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BASF and Toda Kogyo forming a joint venture for Li-ion cathode active materials in Japan

BASF and Toda Kogyo have agreed to form a joint venture for Li-ion cathode active materials (CAM) in Japan. Under the terms of the agreement, BASF will acquire a 66% ownership stake in the new venture, with Toda Kogyo Corp. holding a 34% ownership stake. BASF and Toda Kogyo Corp. will combine their respective CAM businesses, intellectual property and production assets in Japan in the joint venture, which will operate under the trade name BASF TODA Battery Materials, LLC. (Earlier post.)

BASF Toda Battery Materials will focus on R&D, production, marketing and sales of a broad range of cathode materials including Nickel Cobalt Aluminum Oxide (NCA), Lithium Manganese Oxide (LMO) and Nickel Cobalt Manganese (NCM) in Japan. These materials are used in lithium-ion batteries for the automotive, consumer electronics and stationary storage markets.

Closing of the joint venture agreement and the launch of operations for the newly formed company is expected to take place by the end of February 2015.

The new venture will have a direct employee base of approximately 80, and an annual combined production capacity for cathode active materials and their precursors of approximately 18,000 metric tons. It will maintain a headquarters facility in Tokyo, with production sites in Sanyo Onoda and Kitakyushu/Japan.

Among their various materials products, both companies are licensees of Argonne National Laboratory materials. BASF is the only company worldwide licensed to produce and market materials developed by both Argonne—the leader in NCM (Nickel Cobalt Manganese) technology—and LiFePO4+C Licensing, the leader in LFP (Lithium Iron Phosphate) technology.

BASF’s joint venture with Toda Kogyo Corp. will allow us to accelerate our growth and expansion in the global battery materials market, in line with our long-term targets. By combining our manufacturing and technology expertise, we can serve our customers with the broadest cathode materials portfolio in the industry, while continuing to innovate for the future.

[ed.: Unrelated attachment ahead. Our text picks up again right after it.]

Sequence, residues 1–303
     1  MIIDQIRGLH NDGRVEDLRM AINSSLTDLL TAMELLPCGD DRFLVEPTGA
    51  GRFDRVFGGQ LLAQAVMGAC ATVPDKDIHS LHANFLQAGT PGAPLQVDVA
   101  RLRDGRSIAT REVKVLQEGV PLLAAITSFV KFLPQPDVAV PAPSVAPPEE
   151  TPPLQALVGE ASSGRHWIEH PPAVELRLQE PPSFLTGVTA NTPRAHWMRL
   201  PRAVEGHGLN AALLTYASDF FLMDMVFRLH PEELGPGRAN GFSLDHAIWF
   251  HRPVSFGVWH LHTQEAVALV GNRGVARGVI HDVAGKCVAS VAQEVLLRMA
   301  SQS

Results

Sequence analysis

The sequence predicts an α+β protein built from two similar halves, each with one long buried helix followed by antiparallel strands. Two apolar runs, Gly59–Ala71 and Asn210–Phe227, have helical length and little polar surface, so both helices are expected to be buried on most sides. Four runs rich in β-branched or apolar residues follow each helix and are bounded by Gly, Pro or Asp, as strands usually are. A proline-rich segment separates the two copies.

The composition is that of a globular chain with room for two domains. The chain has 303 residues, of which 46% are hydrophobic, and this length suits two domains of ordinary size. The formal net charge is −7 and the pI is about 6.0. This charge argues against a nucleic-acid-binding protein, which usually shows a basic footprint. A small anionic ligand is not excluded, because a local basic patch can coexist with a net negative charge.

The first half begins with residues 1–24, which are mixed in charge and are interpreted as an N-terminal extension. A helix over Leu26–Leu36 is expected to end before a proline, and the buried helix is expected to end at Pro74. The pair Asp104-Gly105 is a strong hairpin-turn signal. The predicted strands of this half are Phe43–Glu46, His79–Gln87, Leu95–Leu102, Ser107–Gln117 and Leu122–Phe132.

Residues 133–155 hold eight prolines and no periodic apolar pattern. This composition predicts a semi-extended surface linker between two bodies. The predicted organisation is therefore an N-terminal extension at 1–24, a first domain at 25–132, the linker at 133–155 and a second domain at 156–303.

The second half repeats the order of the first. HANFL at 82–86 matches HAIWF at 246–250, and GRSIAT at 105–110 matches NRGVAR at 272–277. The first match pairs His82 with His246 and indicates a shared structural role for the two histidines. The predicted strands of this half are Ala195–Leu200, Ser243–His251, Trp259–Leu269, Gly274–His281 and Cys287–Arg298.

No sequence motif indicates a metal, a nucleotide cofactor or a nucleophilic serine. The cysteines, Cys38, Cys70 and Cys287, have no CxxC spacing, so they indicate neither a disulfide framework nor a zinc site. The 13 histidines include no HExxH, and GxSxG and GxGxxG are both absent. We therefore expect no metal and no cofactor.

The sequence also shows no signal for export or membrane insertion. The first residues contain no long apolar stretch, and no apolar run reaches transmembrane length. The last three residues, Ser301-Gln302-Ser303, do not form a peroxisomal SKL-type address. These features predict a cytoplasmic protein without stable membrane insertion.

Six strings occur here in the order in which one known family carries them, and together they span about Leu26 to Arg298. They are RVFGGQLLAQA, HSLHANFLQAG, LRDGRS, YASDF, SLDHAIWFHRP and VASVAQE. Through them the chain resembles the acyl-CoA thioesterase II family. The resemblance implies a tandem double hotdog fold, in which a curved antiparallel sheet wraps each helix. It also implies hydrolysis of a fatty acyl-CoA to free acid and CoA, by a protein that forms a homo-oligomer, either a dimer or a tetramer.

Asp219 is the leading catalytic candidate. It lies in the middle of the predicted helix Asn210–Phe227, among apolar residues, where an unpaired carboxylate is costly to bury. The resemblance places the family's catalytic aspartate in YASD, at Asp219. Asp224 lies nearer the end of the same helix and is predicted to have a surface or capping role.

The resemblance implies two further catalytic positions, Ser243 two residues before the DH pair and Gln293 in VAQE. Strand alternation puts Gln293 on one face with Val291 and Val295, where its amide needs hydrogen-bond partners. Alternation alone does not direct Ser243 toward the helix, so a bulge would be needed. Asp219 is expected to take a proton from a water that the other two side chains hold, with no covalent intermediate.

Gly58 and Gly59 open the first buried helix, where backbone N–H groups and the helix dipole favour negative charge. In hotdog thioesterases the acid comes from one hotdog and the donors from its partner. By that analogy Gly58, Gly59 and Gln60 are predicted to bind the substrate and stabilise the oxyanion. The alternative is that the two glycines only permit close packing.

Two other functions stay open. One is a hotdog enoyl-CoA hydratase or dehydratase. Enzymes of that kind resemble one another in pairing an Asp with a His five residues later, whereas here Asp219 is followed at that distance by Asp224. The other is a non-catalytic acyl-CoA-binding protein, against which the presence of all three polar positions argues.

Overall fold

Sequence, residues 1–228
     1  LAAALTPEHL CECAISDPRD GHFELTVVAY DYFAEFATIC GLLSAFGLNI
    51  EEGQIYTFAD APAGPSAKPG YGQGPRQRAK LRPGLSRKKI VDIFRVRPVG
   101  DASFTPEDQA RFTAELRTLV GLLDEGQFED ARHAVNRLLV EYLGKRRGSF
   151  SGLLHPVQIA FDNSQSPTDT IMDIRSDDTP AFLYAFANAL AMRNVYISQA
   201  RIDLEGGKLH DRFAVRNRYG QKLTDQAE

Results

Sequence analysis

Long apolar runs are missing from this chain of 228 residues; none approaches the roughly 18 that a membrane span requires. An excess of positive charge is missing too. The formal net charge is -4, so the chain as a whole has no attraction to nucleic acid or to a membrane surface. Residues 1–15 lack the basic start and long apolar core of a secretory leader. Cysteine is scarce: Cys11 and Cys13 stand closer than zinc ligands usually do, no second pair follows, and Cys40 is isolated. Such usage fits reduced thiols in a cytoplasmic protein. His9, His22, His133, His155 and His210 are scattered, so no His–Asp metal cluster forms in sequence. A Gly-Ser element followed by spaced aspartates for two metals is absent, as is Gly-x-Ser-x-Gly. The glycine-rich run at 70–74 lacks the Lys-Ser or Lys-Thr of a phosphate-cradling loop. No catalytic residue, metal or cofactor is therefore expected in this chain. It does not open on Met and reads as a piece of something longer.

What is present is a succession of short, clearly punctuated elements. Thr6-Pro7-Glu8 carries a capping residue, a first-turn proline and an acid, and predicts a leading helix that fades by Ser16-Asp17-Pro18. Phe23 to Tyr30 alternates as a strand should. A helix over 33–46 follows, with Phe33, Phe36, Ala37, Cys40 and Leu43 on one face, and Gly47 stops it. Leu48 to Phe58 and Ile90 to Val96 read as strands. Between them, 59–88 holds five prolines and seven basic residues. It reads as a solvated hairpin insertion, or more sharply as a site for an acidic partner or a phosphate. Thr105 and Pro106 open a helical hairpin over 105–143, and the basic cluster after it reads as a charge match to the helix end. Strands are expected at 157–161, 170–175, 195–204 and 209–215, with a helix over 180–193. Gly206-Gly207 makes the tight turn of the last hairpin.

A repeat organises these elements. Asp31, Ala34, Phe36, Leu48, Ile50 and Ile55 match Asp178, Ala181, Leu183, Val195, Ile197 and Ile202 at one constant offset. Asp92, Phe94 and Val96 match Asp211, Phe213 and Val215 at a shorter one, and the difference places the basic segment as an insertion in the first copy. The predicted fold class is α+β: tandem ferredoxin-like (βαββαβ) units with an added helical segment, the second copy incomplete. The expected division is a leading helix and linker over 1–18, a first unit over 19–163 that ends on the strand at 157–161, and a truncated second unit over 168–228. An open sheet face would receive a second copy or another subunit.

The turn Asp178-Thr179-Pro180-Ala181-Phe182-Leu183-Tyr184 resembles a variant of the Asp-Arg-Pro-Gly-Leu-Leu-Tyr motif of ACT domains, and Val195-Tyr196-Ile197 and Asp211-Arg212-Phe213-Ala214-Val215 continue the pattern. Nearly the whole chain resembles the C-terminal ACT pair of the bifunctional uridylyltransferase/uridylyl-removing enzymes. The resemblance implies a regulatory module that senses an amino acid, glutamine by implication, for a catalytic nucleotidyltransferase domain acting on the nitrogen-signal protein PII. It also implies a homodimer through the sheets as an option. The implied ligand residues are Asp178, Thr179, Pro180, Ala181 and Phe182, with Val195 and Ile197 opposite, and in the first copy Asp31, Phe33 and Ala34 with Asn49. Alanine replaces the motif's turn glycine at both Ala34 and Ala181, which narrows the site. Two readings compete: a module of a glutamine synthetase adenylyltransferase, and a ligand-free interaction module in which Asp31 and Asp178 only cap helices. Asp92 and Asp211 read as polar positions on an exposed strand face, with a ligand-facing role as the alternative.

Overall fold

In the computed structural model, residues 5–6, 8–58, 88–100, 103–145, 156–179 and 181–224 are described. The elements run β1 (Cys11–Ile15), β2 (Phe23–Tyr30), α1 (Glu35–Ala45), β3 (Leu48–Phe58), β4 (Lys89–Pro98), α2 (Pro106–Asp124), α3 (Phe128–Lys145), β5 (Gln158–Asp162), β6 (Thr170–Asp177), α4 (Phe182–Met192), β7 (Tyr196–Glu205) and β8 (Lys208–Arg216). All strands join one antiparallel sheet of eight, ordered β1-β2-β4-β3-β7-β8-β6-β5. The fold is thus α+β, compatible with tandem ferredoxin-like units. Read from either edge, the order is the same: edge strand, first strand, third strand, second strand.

—Kenneth Lane, President of BASF’s Catalysts division

Because the lithium-ion battery market continues to expand globally, we concluded that we need a strong alliance partner that would enable us to create more value than simple consolidation and to advance our cathode materials business synergistically. By forming a joint venture, we are confident that we will be able to strengthen safety, quality, cost competitiveness and global coverage and provide these key factors to the market to drive our joint success in this industry.

—Tadashi Kubota, Chairman of Toda Kogyo Corp.



This is going to be a battle BASF/Toda vs. Umicore on layered and spinel cathode materials.


Combine the TiO2 anode with the Nafion sulfur cathode then they might just make a good battery.


Theoretically, a lithium air cell would allow the highest possible energy - and power density. A lithium metal electrode bears the inherent problem of reacting with the moisture in the air leading to violent uncontrollable reactions.
Various metals, among them aluminum, are foamed for specific applications. Why not foam a lithium metal plate, cover this with graphene and use it as an anode. The spaces between the atoms of the graphene cloak are so small that they do not allow the passage of a H2O molecule making the anode electrode inherently safe. However, ions and electrons are small enough to penetrate this protective cloak. The nano-pores of the metal foam would result in a tremendous surface rendering an extreme high energy density. The cathode would be the oxygen in the air.
Such a design would allow a cell of low weight and volume and extremely high power - and energy desnsity.
Why not?


"...lithium-titanium compound (Li4Ti5O12) deposited on the surface of the graphene foam."

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